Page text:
I just picked up a new development toy, the Teensy 3.1. This thing looks pretty awesome, and it’s compatible with the Arduino 1.0.5 IDE which is great for me.
The Teensy 3.1 has a lot of great features that lends itself to being used in my projects. Just the pinout on the device shows that it’s quite flexible, and it’s very compact and well laid out, as well. I think there’s a big future for the chip it is based on, the Freescale Kinetis MK20DX256 32 bit ARM Cortex-M4, will be featured in a lot more hobbyist and hardware development projects which demand more speed and features over the Arduino line. For $20 it is certainly affordable.
Working with a variety of LED displays lately I need quite a bit of speed to update the matrices. My original tests used the Arduino Duemilanove or the Arduino Mega 2560, but those are limited to 16Mhz. The Teensy can run at up to 96Mhz! Big improvement. Additionally it has 64K of memory and 256K of flash.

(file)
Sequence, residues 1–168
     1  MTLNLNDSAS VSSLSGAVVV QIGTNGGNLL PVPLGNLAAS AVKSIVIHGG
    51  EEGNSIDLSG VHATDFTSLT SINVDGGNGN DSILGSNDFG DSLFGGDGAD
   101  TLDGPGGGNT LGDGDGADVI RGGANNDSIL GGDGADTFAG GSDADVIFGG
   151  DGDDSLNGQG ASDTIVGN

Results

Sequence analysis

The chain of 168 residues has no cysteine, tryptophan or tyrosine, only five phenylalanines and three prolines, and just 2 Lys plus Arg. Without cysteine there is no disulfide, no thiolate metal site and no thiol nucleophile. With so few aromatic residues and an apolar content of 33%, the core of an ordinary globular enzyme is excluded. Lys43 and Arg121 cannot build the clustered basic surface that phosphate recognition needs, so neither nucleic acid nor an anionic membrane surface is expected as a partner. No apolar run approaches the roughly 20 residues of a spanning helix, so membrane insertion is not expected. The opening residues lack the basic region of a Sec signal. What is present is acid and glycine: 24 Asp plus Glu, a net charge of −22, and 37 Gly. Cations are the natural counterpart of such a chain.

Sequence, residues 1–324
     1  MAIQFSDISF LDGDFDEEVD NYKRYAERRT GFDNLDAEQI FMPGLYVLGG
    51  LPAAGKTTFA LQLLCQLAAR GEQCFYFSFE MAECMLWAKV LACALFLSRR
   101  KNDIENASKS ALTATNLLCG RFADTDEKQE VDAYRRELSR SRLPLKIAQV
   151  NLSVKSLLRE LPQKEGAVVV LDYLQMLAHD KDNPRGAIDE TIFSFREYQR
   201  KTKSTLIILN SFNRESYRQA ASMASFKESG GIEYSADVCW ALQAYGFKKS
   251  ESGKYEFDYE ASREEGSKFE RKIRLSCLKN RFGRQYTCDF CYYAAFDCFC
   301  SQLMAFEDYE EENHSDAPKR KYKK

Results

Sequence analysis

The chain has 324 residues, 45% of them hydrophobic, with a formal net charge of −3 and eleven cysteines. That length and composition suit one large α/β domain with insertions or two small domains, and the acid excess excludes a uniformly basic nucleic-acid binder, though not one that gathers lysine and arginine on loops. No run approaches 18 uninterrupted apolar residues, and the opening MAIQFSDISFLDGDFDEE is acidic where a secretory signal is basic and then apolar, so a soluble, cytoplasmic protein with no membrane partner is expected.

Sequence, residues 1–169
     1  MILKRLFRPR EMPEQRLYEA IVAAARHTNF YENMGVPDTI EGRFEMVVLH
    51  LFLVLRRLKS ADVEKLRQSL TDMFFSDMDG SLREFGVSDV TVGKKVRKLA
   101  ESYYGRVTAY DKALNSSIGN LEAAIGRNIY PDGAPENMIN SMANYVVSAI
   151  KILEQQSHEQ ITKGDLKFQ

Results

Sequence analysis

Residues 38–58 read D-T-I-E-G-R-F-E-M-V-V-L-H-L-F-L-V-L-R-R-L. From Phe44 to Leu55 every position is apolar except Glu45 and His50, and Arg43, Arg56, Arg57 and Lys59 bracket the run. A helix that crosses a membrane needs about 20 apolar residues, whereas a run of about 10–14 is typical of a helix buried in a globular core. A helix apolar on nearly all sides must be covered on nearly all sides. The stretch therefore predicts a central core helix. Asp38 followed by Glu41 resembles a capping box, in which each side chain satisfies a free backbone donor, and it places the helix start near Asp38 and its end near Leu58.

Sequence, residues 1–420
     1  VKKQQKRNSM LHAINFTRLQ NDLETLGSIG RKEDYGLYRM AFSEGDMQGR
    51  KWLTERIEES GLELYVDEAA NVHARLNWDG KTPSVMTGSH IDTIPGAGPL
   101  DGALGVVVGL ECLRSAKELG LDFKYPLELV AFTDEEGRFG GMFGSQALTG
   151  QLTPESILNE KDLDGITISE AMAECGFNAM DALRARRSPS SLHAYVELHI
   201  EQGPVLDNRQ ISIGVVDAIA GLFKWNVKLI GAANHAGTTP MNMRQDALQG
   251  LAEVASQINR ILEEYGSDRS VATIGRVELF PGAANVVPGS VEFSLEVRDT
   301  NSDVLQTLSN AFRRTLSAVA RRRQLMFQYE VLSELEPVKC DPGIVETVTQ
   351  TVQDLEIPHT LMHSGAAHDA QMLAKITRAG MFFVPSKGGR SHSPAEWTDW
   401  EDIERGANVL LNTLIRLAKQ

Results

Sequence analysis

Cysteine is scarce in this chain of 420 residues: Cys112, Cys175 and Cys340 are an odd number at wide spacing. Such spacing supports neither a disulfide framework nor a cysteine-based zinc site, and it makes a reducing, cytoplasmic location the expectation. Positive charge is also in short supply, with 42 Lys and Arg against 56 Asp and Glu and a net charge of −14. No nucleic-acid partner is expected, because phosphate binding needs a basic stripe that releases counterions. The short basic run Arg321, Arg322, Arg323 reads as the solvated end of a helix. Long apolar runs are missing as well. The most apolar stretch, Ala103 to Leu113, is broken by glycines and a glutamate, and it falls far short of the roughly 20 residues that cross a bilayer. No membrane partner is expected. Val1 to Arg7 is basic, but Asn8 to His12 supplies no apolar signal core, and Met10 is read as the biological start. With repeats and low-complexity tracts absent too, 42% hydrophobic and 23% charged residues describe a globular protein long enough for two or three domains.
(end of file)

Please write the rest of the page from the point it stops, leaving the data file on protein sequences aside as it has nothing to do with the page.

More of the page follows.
One thing I’m looking forward to is experimenting with the 12-bit DAC on this chip, it has one digital to analog output and it looks like it works pretty good, so it can be a nifty waveform generator, do some audio output and a few other things. It also has touch sensor inputs but I don’t know if that’s something I’ll play with but you never know!
If you’ve done anything cool with a Teensy or plan on it, let me know in the comments, I think I have a lot of experimenting to see what these new capabilities bring over boards like the Arduino Duemilanove and the Arduino Mega 2560.
Oh, I forgot to mention they plan to have support for the CAN bus, I’d be really interested to see if I can interface with the CAN bus on my DJI Multirotor Flight Controller (Naza M V2)
I’ll post updates as I get some projects done, but it feels like some new life has been breathed into my experimenting. Although I’ll probably never use the full capabilities of this chip, and I may even use it for some stupidly simple projects, it’s still very cheap and that makes it a better option for many things.